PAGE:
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Bankruptcy Law Blog

Monday, August 17, 2015

Congress Considering Amendments to College Tuition ‘Clawback’

What is a college tuition ‘clawback’ in bankruptcy? 


Attending college can be one of the most costly expenses a family endures – and, for some, the increasing tuition rates ultimately prove fatal to their personal financial portfolio, resulting in consumer bankruptcy. 

Under current bankruptcy guidelines, debtors engaged in the bankruptcy process are sometimes able to recover money spent in the years immediately prior to filing that could have been spent on paying down debts and avoiding insolvency. In order to qualify for this recovery – known as a ‘clawback’ – the debtor must prove that he or she did not get a “reasonably equivalent value” for the expense. Historically, the clawback principle was applied to personal loans or money spent assisting family members; or to below-market asset transfers occurring immediately prior to the bankruptcy filing. 

However, in recent years, bankruptcy courts have seen a significant influx of debtors seeking to clawback tuition payments made on behalf of their children enrolled in a college or university. In so doing, parents assert that they did not receive a reasonably equivalent value for the tuition payment – the child did. As a result, bankruptcy trustees are engaging in increasing litigation against colleges and universities to recover the amount of money spent on tuition – and are for the most part successful in this endeavor.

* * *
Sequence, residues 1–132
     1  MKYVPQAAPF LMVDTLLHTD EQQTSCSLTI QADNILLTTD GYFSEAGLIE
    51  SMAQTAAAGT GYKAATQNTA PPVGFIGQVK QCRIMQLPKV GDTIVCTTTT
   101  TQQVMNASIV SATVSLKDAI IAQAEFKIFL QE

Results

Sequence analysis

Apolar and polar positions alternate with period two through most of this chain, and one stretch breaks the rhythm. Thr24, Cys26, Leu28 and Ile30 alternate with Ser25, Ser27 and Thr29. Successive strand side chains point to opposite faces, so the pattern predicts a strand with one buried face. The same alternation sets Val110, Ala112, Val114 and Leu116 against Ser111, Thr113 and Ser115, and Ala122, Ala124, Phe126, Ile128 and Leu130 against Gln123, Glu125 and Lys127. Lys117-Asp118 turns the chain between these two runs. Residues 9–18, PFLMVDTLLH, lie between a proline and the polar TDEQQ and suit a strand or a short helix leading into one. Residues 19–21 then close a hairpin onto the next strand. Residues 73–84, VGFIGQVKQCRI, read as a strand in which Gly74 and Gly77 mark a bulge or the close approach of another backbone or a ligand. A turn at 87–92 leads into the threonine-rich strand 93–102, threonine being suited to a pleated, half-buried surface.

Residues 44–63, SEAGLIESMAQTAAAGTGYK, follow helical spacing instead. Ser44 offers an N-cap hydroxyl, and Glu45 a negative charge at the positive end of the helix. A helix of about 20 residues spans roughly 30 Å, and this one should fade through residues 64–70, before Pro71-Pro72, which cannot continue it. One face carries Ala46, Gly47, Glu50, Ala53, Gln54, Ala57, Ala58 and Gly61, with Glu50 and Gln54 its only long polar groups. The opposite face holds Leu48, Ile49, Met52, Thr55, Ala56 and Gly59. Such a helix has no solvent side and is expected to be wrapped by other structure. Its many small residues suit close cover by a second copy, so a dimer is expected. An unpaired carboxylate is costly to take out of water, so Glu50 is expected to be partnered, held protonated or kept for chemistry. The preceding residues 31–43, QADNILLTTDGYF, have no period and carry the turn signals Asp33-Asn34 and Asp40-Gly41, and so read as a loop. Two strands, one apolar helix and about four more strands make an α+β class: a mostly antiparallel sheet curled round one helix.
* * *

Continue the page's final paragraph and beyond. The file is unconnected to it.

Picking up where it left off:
In response to this prevalent trend, lawmakers have proposed amendments to the Bankruptcy Code to prevent the clawback of college tuition payments. More specifically, the amendments would alter the current list of expenses eligible for clawback, which also includes charitable donations. The bill was introduced in the U.S. House of Representatives in May 2015, and is currently under review. 

According to a recent article published in The Wall Street Journal, 25 colleges and universities have thus far been asked to return portions of students’ tuition money under the tuition clawback allowance. 

If you are considering a consumer bankruptcy petition and would like to speak to a reputable attorney in Alabama, contact Padgett & Robertson today: (251) 342-0264. 

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Padgett and Robertson assist clients with Bankruptcy, Personal Bankruptcy, Consumer Bankruptcy, Chapter 7 Bankruptcy, Chapter 13 Bankruptcy and The New Bankruptcy Law in Mobile, Alabama and throughout southern Alabama. Alabama State Bar Association Regulations require the following: "No representation is made that the quality of the legal services to be performed is greater than the quality of legal services performed by other lawyers." 11 U.S.C. 528 of the U.S. Bankruptcy Code requires the following: "We are a debt relief agency. We help people file for bankruptcy relief under the Bankruptcy Code.”



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